Thursday, September 07, 2006

The case for browser-based kiosk software

James Kruper, President of Kioware, has put up a nice opinion piece on the case for browser-based kiosk applications over at Normally I wouldn't plug a competitor's perspective too much (it's a bad habit :), but to be honest WireSpring doesn't often compete against Kioware directly, and more importantly, we do take a very browser-based approach to kiosk software, so the more perspectives, the better.

While Kruper focuses on the ability to re-purpose applications and use plug-ins to give kiosks the ability to place Word, Excel, etc. documents into a browser, I think I'd take it one step further: a well designed Internet-based web application should really be just a few style sheets away from being an excellent kiosk application. Usually, if somebody has put the work into making their Internet-based app functional and easy-to-use, it should only be a matter of optimizing the front-end interface to work in a self-service environment. While that might have been tough in 1996, with today's CSS and XHTML standards, a well-formed app should easily be up to the challenge.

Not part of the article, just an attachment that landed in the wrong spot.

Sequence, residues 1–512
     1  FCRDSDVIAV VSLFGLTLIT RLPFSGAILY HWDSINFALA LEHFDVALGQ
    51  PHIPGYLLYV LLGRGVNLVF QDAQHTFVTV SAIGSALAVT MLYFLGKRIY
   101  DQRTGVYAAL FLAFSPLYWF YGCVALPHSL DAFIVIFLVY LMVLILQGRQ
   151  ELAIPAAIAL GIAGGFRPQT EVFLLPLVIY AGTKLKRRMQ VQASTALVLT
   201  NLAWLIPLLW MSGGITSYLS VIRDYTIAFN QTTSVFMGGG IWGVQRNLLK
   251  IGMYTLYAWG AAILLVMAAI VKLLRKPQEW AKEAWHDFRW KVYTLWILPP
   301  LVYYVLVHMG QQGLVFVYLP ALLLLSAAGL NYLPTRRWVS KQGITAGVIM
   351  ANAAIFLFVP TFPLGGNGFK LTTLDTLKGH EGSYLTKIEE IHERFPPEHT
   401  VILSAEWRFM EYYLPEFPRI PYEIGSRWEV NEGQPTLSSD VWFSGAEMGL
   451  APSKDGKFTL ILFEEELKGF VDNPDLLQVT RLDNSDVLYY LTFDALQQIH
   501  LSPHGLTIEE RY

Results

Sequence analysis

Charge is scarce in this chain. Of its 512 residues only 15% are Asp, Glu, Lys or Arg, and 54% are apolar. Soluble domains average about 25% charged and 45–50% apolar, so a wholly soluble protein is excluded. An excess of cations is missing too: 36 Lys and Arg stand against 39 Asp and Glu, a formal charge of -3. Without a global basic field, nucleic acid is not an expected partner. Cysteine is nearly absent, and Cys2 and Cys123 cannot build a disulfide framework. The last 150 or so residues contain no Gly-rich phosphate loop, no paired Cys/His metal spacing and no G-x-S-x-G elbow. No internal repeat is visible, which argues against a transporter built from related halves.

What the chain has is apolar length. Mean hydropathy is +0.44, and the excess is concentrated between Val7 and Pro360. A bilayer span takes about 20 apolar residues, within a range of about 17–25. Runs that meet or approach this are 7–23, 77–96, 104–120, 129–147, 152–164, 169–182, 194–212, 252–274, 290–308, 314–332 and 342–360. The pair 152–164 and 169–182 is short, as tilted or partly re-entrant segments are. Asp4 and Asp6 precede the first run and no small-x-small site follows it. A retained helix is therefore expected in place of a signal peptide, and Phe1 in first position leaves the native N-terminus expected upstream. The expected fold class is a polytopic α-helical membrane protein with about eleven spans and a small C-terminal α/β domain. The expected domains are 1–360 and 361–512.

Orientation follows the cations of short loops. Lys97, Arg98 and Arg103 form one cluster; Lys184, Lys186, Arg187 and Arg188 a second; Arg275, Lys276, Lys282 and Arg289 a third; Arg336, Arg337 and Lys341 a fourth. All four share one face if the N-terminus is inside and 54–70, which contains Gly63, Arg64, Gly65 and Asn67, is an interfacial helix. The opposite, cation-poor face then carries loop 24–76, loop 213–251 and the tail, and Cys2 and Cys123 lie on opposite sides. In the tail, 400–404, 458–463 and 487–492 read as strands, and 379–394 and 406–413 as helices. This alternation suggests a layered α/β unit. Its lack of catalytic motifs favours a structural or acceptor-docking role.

What's more, the state of browser interactivity has advanced an enormous amount in just the past 18-24 months, to the point where JavaScript and DHTML have become powerful enough to enable just about every self-service application that I've seen. As I've said before, building applications based on standards-compliant technologies can only be a good thing. The only people to suffer from standards compliance are those plugging their own proprietary application development platforms, and I certainly don't see a need to help them in their cause.

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